The literal translation of “restavek” is relatively benign: these children, mostly girls, are “live-ins” or “stay-withs.’’ But the social translation is brutal. To be a restavek is to be the ultimate have-not in a society of have-nots; the word itself is a slur.
In 1990, I wrote a long story on the restaveks for The Miami Herald’s Sunday magazine. This was before any child advocacy organization had taken up their plight, before groups like the Restavek Freedom Foundationwere working to defend, protect and educate them. The phenomenon was everywhere — scruffy, scrawny children rising before dawn to empty chamber pots, bedding down at night on piles of rags, enduring beatings and sexual assault — but it was rarely discussed.
Still, many Haitians found it shameful. And amid the relative idealism of that period, not long after the despotic “President for Life” Jean-Claude Duvalier had fled into exile, it seemed possible that the practice would be relegated to the ash bin of history along with other egregious abuses.
How dispiriting, then, to gaze into the eyes of Mr. Sokhin’s subject Judeline and see the present-day reflection of the sad-eyed 12-year-old restavek named Judith whose painful situation I documented so long ago.
While much has been written about restaveks in the decades since, Mr. Sokhin said he found little “visual evidence” of the phenomenon. In many photographs, restaveks were indistinguishable from other poor children — they were dressed raggedly, looked malnourished and lugged water in buckets bigger than themselves.
To document their plight freshly, it was crucial to show them in context, inside the homes where they lived and worked.
Working with one of the many Haitian fixers who are vital to foreign journalists seeking to go beneath the surface of that society, Mr. Sokhin found Judeline’s “family,’’ which was willing to give him unlimited access for several days last fall and during his second trip to Haiti in March.
The father is an English teacher, and, according to Mr. Sokhin, he believes he is giving Judeline an opportunity in life after her own family abandoned her — not only by providing room and board but by paying for education. Relatively speaking, Mr. Sokhin said, the man sees himself as an enlightened “master’’ who would never strike or abuse the young girl who performs his family’s chores.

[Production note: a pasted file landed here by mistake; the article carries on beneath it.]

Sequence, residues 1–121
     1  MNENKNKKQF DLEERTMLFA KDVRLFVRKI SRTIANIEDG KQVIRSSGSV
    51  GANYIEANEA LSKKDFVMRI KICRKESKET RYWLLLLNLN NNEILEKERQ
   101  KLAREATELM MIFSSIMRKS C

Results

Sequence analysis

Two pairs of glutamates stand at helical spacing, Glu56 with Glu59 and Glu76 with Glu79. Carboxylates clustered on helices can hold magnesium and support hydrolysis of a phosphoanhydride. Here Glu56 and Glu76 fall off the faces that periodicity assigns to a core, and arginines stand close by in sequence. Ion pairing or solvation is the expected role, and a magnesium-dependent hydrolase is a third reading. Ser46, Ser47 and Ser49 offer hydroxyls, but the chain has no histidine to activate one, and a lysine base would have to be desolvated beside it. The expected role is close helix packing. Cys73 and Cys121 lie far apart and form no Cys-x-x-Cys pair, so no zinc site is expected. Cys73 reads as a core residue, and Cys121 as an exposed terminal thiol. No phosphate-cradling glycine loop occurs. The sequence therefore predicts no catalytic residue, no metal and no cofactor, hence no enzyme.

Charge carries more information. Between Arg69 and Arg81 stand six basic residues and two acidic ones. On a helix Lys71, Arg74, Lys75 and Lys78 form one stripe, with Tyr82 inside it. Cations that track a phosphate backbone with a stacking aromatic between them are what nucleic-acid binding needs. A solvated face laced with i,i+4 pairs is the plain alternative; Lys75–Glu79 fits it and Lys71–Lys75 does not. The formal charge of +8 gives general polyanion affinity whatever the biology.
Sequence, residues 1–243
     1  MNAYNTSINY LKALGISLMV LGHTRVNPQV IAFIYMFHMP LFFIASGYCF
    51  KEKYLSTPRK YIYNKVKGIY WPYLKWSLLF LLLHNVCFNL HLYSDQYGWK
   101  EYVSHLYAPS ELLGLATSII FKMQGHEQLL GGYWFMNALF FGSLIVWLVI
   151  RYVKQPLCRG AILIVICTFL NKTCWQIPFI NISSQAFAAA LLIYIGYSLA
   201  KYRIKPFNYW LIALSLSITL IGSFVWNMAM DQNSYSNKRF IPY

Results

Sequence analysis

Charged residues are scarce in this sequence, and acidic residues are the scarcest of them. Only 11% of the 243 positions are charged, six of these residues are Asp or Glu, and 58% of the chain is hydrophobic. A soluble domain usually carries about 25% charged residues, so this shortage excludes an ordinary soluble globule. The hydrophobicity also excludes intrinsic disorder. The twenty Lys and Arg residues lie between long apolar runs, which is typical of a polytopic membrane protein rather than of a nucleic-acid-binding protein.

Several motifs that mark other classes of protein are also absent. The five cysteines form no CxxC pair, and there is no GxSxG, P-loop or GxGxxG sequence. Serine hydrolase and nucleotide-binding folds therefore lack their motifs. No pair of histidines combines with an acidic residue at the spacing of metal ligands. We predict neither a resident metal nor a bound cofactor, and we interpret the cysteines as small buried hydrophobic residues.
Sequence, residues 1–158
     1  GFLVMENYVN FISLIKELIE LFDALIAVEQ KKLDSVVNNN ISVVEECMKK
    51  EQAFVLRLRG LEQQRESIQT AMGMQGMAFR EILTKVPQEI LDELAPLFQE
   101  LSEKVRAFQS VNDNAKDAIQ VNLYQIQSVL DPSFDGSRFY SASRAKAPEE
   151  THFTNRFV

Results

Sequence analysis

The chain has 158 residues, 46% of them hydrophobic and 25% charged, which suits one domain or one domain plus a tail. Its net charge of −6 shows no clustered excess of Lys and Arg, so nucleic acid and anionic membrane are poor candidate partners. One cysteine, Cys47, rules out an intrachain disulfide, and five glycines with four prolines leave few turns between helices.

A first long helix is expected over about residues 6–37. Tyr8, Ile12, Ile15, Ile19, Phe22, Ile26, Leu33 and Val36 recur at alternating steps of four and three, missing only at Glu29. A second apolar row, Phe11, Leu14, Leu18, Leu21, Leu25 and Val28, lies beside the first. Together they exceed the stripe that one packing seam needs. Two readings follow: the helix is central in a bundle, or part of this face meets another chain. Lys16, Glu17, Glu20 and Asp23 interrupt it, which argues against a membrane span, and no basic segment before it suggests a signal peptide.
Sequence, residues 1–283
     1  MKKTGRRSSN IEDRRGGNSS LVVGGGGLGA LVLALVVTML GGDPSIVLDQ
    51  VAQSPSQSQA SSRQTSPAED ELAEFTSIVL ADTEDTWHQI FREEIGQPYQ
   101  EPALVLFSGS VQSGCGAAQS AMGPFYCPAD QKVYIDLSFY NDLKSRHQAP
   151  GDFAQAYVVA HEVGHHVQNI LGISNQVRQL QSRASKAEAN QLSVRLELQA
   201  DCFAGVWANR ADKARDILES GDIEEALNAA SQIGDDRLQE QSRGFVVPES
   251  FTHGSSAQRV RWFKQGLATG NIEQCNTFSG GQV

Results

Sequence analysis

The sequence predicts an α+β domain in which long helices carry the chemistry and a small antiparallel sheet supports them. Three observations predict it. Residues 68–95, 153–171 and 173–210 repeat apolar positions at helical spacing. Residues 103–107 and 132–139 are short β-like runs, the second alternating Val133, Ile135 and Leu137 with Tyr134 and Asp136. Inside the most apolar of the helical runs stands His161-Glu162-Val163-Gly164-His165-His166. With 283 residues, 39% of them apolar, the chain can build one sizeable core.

Vlad Sokhin/Agentur Focus
Jeanse stays close to one of her hosts. She does not have any identification documents and is not allowed to go to school.
That Judeline slept on the hard floor of an unfurnished room was portrayed as her personal choice: “They say she doesn’t like to sleep on a bed,’’ Mr. Sokhin said. The family made the same case for her use of the yard as her bathroom.
In addition to the photograph where Judeline is playing personal attendant to little Boubou, Mr. Sokhin caught several other moments in which family members disregarded her while she served them.
In one photograph, she stands frozen holding a tray, her eyes on the father, whose gaze is cloaked by sunglasses but appears to be fixated on the cold beer she is offering him (Slide 6). In another, she is washing the mother’s hair and the mother, reclining and chewing gum, is blowing a big, pink bubble (Slide 2).
Mr. Sokhin said he tried not to include in his series any pictures that Judeline herself might find degrading. “I have got much worse pictures,” he said, “but I didn’t want to show her suffering.”
Sometimes he was forced to put down his camera so he would not be participating in mistreatment, he said. In one photograph (Slide 20), a man who refused to have his identity revealed nonetheless slung his arm around the shirtless shoulders of his restavek boy while Mr. Sokhin was shooting. His head is cut off, a lit cigarette dangles from his hand, and the effect is creepy.
Even creepier, Mr. Sokhin said, was what he declined to photograph next: the man put the cigarette in the little boy’s mouth, laughing.
Another time, a woman was unhappy with how a 9-year-old restavek, Enso, was making her bed. Mr. Sokhin took a few pictures as she started to push the boy around (Slide 10), but put his camera down and intervened when she began beating him, he said.
“A few photographers from the States who have seen these pictures, they have approached me and told me it’s very important to cover this,’’ Mr. Sokhin said. “So I’m not sure if this project is actually finished.’’
Vlad Sokhin/Agentur Focus
All of Judeline’s earthly possessions fit into two boxes.
Addendum 2: Captions and links to all slideshow photos — still available on NYT server at time of this writing.
Judeline, 12, left, a child laborer for the family of an English teacher, swept the floor while her host, Geshly, 34, checked messages on a cellphone. Some women in Haiti ask their husbands to find restavek children to do the household chores.